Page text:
By Donna Wielbo, University of Florida’s Director of Online Forensic Science Programs
Welcome to the next digital decade of forensic science education. Everywhere you turn, transformative trends are shifting in this field of study. These fundamental forces are altering the way forensic science professionals, students, faculty, curriculum, and technologies interact.
Major Forces Shaping Forensic Science Education
Forensic science education is confronting critical challenges head-on through online education, including how to best bring education to adult learners and professionals in the field today, in the most cost effective way.
Some of the major forces destined to have far-reaching impacts on forensic science education in the next digital decade include:
Increasing forensic technology sophistication
In the lab, analysts are surrounded by new instruments that deliver more comprehensive results than would have been reported just one decade ago. This trend will continue in the next digital decade, and we will witness ever-increasing sophistication of technology in all fields of forensic science.
With this constant development in technology, it is imperative to maintain a strong scientific foundation in our labs, as well as an environment that encourages professional development for forensic analysts at all levels.
Preparing the next generation of forensic scientists is difficult to envision today. Nevertheless, educators need to respond to these changing times by including technology trends and delivering new creative competency options. The latest technology and thought leadership will impact forensic science education when developing lab courses, instructional design, learning management systems, and essential new teaching modalities.
Expanding career options – competition rising
The knowledge-based job market has accelerated innovation in every field, requiring professionals to retool—often several times in a career. Adult learners are searching for new ways to balance continuing education with their jobs and personal lives.
A bachelor’s degree in today’s competitive job market may not be enough for long-term career advancement. Higher educational standards are already required for technical managers and forensic DNA laboratory leaders who, at minimum, must have a master’s degree in biology, chemistry, or a forensic science-related area.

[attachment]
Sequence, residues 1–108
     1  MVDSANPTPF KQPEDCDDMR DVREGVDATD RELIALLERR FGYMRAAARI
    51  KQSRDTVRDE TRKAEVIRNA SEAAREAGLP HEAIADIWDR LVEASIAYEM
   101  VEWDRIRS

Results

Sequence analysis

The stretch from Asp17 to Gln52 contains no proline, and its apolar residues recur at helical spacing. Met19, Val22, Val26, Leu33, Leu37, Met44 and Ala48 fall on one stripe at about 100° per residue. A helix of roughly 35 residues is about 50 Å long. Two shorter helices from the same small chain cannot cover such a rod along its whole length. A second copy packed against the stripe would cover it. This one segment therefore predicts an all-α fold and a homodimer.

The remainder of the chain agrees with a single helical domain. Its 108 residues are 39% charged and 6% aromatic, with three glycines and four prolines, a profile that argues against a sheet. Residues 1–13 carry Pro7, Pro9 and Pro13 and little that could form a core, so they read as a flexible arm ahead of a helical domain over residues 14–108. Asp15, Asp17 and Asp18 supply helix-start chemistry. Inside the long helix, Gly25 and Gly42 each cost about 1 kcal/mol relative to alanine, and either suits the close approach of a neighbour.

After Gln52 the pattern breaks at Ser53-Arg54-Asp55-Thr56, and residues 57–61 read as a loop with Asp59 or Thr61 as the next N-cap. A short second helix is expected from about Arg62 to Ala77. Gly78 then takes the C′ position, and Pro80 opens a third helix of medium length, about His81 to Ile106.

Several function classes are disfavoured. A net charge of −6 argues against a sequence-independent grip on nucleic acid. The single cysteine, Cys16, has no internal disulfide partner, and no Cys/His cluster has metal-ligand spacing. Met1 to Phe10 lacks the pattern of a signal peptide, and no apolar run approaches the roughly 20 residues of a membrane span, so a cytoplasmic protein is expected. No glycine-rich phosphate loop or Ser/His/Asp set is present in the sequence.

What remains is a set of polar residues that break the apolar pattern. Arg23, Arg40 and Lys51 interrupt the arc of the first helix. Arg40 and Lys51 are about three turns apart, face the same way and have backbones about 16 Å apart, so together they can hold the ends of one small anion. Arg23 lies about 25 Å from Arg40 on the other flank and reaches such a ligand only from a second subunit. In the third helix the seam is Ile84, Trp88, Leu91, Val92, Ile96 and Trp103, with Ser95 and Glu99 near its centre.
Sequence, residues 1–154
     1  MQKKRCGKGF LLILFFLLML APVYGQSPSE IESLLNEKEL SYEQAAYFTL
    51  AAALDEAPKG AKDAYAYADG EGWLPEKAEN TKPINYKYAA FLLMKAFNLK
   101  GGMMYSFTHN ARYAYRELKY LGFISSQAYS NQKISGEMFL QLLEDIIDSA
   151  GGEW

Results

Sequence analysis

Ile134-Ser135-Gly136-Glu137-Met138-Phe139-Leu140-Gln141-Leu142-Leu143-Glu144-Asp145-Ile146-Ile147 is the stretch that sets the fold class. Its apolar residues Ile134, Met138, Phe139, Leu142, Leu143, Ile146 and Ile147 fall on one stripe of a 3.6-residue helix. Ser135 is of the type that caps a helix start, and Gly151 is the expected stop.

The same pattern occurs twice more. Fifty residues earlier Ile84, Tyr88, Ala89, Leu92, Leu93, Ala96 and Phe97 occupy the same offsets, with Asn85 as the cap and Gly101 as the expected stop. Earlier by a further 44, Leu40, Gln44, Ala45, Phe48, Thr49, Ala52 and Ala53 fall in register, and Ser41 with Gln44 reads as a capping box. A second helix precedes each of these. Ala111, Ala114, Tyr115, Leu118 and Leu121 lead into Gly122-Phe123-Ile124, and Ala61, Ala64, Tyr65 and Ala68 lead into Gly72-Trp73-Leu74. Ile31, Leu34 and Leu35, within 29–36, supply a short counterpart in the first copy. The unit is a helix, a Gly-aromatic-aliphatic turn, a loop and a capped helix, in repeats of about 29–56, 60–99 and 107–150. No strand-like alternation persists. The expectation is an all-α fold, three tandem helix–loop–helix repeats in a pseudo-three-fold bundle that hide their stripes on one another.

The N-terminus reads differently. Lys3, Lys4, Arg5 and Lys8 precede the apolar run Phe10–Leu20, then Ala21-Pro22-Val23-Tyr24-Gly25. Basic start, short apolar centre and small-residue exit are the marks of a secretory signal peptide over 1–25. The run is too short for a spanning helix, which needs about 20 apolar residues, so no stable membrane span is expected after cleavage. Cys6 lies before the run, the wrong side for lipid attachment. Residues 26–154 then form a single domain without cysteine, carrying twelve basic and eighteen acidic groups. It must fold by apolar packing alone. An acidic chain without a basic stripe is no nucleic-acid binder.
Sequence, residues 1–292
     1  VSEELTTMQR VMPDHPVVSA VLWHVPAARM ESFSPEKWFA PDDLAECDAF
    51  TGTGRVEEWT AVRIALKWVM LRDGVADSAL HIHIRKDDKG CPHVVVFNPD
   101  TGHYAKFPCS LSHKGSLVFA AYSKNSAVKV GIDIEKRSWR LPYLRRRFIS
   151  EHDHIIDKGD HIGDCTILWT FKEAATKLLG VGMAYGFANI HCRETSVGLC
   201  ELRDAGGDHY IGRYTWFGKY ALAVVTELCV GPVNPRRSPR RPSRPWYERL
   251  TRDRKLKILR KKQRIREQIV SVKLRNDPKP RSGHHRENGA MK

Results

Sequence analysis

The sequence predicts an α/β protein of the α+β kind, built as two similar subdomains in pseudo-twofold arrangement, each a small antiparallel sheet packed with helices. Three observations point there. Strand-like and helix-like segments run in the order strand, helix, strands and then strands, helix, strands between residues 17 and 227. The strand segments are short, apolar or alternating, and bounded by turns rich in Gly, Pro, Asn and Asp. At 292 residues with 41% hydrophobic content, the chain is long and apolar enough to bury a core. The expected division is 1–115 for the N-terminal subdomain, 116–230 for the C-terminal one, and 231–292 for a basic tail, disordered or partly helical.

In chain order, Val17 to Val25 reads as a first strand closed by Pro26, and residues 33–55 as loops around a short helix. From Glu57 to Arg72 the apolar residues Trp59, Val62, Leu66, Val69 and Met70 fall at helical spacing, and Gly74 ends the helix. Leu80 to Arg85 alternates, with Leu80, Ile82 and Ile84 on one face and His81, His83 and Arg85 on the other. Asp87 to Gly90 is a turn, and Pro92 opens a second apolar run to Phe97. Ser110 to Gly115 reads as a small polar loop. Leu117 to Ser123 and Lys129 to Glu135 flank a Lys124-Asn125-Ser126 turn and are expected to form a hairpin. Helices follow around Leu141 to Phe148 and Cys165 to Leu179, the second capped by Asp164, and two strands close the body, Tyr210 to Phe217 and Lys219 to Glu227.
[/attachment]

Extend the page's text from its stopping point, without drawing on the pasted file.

The University of Florida’s Forensic Science Graduate Program, launched in 2000, now has the largest MS degree program with concentrations in Forensic Sciences, in the world. This program has given forensic scientists the flexibility to access superior education while dramatically reducing the cost of higher education. The online MS degree removes the need for these professionals to make tough choices, such as resigning from full-time employment and relocating families for an on-campus education. In many cases, the cost of relocating to an on-campus program to earn an MS degree in a traditional environment would have far exceeded the tuition of the education. This cost has been completely eliminated with the advent of online and blended learning.
Accelerating collaboration – forensic science is going global
Continuing with the example of the University of Florida’s forensic science MS degree program, a students interested in forensic death investigation, and related forensic sciences, can take highly tailored courses offered by Edinburgh University and Canberra University, concurrently with UF course offerings. This arrangement grants the student access and instruction from the best in the world at the same tuition rate—no matter where the student is located. Through its multiple global partnerships, students from 42 different countries have been able to earn their MS degrees from the University of Florida, Forensic Science program for less than $17,000.
Online reach provides excellent global networking, collaboration, and economic benefits for national and international students. Education that was once considered regional and unaffordable for out of state and international students, will disappear before the end of the digital decade.
Critical to achieving our mission of providing a high quality education is maintaining the high standard of teaching basic scientific principles, quality assurance in the lab, data analysis, and review and assessment of scientific literature. When we look ahead to the next digital decade of education in forensic science, considerations must include managing expectations and standardizing education for new recruits entering the field, balanced with educating the experienced and current professionals in the field of forensic science today.